Gadsden County’s courthouse marked its 100th birthday Friday with an afternoon celebration on the courthouse lawn.
A good crowd was gathered including many elected and appointed officials, VFW Post members and county residents. Music and songs, including a beautiful rendition of the National Anthem, were performed to the enjoyment of the crowd.
The present courthouse building, the third since 1827, was built in 1912-13. Gadsden County Commission Chairman Eric Hinson read a proclamation passed by the county commission recognizing the anniversary.
County Clerk Nicholas Thomas said he surveyed other clerks around the state and found there’s great respect for what courthouses mean to communities. He said only a handful of courthouses in the state are as old as Gadsden’s and still functioning.
Circuit Judge Jim Shelfer said that when he travels the back roads of Georgia, all the towns have one thing in common, their courthouses. He said a courthouse is where people search for truth and justice. He called Gadsden’s courthouse “The Grand Old Lady.”
County Judge Kathy Garner said she was honored to share in the occasion and that courthouses needed community support to work effectively. She thanked the county commission for recently completing renovations to the building’s courtroom.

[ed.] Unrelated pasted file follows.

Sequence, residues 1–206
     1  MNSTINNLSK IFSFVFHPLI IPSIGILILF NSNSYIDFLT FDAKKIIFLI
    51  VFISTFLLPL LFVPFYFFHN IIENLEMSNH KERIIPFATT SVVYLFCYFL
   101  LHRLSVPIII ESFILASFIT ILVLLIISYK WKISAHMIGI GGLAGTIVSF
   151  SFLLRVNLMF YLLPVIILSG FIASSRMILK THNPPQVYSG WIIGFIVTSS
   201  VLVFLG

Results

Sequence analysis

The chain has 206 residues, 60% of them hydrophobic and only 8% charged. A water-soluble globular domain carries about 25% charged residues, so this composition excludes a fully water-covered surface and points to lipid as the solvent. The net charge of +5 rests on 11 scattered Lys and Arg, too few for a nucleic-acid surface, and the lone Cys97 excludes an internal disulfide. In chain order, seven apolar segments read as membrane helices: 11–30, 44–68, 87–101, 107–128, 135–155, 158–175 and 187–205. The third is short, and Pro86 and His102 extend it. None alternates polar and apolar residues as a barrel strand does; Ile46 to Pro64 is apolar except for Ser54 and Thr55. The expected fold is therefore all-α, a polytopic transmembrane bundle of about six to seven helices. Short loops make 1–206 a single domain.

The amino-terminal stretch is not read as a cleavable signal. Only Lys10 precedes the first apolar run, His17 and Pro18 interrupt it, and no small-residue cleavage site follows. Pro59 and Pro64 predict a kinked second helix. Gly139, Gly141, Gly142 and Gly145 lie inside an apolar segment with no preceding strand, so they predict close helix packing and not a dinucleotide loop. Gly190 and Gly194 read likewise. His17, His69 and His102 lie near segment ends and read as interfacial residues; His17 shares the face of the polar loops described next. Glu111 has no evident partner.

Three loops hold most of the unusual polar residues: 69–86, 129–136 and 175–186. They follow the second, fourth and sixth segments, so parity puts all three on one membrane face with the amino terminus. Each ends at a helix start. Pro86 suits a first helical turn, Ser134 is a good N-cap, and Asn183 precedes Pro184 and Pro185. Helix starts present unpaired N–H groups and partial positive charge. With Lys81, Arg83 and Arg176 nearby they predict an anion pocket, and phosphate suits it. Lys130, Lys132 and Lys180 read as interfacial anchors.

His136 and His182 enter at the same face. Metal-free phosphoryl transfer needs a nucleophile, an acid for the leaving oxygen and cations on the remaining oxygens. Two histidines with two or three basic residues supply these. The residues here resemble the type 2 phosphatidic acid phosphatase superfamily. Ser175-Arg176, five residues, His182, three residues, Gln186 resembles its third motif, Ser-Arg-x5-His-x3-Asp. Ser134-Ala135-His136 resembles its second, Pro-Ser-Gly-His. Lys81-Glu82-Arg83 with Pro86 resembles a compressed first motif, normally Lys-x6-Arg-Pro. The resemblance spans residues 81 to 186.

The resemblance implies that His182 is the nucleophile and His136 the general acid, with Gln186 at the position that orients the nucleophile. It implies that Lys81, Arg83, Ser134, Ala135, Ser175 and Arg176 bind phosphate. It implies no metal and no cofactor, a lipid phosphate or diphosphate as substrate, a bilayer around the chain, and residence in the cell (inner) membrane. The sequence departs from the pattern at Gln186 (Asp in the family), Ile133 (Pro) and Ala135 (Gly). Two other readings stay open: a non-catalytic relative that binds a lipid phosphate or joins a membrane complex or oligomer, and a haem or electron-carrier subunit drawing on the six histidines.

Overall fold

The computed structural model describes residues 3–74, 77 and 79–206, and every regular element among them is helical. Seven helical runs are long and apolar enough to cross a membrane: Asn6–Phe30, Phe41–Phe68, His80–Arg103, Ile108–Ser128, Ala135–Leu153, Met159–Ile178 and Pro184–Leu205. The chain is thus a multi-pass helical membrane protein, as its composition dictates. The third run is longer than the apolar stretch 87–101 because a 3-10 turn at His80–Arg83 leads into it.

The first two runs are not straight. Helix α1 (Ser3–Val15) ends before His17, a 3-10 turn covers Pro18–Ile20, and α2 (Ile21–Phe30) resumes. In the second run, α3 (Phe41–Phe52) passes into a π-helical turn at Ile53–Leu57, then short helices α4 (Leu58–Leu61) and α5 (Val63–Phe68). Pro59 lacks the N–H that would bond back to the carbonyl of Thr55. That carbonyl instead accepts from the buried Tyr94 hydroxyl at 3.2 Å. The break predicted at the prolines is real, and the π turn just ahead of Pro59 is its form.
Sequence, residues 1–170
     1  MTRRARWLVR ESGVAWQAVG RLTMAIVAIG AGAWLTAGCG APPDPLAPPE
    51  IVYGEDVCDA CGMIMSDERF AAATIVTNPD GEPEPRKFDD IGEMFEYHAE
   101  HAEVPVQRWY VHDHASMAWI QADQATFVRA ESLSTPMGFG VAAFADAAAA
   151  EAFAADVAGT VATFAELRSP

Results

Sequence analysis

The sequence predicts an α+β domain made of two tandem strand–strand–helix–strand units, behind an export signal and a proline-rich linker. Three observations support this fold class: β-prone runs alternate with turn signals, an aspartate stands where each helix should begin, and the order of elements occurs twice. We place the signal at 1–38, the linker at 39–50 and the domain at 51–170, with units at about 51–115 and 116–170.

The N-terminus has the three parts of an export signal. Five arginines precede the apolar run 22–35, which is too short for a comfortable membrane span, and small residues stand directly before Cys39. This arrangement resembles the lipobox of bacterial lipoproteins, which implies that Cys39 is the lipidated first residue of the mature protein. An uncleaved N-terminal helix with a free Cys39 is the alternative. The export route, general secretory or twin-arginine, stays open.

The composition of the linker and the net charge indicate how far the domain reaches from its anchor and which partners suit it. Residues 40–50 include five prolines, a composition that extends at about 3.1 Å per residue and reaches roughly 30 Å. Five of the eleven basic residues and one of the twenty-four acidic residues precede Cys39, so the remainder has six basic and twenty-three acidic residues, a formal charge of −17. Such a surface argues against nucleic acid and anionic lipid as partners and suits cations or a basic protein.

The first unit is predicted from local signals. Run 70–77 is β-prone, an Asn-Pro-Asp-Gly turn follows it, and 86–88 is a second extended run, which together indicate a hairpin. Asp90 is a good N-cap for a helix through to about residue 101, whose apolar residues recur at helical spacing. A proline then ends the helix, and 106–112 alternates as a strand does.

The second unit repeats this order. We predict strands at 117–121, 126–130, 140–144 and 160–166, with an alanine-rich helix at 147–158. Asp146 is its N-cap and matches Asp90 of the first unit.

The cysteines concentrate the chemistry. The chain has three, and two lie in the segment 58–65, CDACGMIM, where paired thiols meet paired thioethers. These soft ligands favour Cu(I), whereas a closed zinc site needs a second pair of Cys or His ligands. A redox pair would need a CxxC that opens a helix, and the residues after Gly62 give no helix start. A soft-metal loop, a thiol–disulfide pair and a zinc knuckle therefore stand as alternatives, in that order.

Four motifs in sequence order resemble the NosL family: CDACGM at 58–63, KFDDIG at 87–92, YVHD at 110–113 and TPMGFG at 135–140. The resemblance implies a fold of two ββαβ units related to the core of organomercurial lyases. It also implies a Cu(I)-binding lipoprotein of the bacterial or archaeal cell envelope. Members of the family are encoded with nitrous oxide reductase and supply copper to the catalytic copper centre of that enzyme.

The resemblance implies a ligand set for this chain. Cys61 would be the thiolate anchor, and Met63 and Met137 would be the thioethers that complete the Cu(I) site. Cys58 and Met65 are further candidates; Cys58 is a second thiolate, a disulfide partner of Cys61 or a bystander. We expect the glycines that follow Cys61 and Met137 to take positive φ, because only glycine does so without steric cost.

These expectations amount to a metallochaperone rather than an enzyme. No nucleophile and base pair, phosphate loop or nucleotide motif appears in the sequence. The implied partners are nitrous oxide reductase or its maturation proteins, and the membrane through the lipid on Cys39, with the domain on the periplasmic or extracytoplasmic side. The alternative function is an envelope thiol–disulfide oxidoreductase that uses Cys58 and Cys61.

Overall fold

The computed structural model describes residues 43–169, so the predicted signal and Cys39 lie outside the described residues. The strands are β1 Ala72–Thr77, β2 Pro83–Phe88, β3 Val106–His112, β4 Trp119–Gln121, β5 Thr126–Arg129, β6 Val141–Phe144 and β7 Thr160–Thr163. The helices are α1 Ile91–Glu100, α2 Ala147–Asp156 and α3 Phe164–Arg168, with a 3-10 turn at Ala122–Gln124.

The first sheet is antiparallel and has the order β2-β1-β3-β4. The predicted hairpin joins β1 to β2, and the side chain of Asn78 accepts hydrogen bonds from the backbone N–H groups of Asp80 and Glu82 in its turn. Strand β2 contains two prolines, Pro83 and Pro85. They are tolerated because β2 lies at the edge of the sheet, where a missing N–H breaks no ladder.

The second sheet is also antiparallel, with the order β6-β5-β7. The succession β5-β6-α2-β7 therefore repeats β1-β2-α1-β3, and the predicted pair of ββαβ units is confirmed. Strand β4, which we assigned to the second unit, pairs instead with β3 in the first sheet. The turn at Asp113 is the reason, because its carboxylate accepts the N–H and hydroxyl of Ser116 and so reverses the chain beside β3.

County Commissioner Brenda Holt said 100 years ago “it took all kinds of Gadsden County people to get this building here ” regardless of minorities and majorities.
Commissioner Doug Croley said Gadsden County was reflective of all who live here. He gave credit to Clerk Thomas for making everyone aware that the courthouse was 100 years old and said courthouses in the south were the heart of every community.
Commissioner Gene Morgan said the county was celebrating more than just an old building, but also its freedom. And Commissioner Sherrie Taylor said that on behalf of 40,000 county residents she was thankful for Gadsden’s courthouse building.
A time capsule was presented by Gadsden County Librarian Carolyn Poole that has been filled with an eclectic array of items from the county. She said the time capsule was in celebration of the courthouse and Viva Florida, the state’s 500th anniversary of Ponce De Leon’s arrival and Hernando de Soto’s travels through this area. The time capsule will be displayed at the county libraries and then buried in Quincy, she said. It will be reopened in 2063.
Following the ceremony cake and refreshments were enjoyed by those in attendance. A history of the courthouse was also presented in the main courtroom by local county historians Joe Munroe and Dawn McMillan.